Premier Inn got the most reasonably favourable comments, so that appears to be the winner - but perhaps that is because there are more of them, so people are more likely to have stayed in one?
There appears to be some misunderstanding or disagreement as to planning regulations.
In my experience, local councils restrict the amount of buildings which developers can build on any plot; others (NIMBYs, Faux Libertarians and Homeys generally) appear to think that local councils encourage developers to build more than they really wanted to or more than what is appropriate.
It is possible that both are true: suburban and rural councils try and keep densities as low as possible (even when higher densities would make sense) and turn down more planning applications, and that urban councils ask developers to build as much as possible (more smaller units) and nod everything through.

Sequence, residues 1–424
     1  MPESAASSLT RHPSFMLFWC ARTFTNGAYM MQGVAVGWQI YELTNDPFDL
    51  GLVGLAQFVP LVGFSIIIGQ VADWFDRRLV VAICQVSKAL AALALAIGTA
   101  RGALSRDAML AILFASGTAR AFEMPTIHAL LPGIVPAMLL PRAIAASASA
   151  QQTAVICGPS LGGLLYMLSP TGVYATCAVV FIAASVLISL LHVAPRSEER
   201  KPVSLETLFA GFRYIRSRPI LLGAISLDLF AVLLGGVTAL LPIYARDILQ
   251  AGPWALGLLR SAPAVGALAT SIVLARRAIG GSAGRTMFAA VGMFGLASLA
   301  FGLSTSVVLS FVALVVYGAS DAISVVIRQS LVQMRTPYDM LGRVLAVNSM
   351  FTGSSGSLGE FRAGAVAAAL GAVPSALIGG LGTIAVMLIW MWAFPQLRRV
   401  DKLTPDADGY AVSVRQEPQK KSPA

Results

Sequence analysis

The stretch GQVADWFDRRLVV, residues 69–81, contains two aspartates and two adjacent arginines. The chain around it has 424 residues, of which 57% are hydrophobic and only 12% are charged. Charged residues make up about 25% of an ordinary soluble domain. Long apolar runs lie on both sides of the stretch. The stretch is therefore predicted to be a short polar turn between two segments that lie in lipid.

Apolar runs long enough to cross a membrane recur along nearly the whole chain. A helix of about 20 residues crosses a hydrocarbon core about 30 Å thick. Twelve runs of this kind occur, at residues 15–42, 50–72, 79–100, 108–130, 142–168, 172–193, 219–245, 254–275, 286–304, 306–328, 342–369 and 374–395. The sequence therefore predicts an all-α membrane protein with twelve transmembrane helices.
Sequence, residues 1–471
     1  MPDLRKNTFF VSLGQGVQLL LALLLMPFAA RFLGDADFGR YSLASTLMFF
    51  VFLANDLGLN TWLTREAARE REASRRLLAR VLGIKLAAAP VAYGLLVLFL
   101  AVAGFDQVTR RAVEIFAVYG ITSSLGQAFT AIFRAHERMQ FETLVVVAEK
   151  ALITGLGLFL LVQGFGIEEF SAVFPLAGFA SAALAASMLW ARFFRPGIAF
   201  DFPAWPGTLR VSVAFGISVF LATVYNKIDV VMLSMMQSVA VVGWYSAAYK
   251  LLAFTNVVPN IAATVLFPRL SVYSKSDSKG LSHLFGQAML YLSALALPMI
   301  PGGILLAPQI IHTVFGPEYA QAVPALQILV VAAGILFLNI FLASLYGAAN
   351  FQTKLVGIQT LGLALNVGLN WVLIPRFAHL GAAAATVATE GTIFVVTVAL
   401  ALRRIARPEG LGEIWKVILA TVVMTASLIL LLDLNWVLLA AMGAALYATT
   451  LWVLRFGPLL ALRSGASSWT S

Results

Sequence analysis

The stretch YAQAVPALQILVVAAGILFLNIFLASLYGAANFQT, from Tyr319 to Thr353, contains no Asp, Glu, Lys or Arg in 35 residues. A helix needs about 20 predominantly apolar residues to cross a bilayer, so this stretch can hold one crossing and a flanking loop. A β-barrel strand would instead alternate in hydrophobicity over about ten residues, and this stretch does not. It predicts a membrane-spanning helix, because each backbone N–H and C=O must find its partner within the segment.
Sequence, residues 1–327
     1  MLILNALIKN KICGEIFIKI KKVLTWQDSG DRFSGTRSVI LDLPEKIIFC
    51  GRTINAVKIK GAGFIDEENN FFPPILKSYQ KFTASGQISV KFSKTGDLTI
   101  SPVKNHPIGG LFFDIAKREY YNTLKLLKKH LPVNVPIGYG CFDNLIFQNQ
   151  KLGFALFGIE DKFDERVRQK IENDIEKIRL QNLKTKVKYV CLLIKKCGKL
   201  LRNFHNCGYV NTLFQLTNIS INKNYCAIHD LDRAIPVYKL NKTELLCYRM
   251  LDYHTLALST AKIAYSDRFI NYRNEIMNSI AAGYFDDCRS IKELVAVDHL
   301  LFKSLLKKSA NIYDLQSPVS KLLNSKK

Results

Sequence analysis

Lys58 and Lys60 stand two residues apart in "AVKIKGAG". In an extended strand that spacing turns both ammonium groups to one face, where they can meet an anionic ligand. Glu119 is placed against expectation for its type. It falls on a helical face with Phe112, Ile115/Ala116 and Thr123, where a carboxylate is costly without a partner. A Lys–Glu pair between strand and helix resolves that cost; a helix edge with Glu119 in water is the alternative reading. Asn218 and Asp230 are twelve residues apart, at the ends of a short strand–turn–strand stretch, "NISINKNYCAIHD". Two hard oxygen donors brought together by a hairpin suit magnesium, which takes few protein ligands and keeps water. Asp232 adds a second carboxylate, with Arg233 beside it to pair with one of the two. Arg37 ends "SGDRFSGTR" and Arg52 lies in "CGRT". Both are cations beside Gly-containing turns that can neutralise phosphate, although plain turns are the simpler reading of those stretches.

(I'm not talking about the indirect effect on densities or home sizes of high land prices and taxation of profits rather than land values, I mean in terms of how much building a developer can put on a plot.)
So what's your experience/impression?
Vote here or use the widget in the sidebar.
From The Daily Mash, six years ago (but just as valid sixty years ago and will probably still be relevant in sixty years' time):
ISRAEL and Hamas last night admitted the latest wave of deadly violence was one of the best they had seen in years.
As the international community condemned Palestinian rocket attacks against southern Israel and the corresponding Israeli air strikes in the Gaza Strip, both sides agreed it was ‘more fun than a barrel of heavily-armed suicide monkeys’.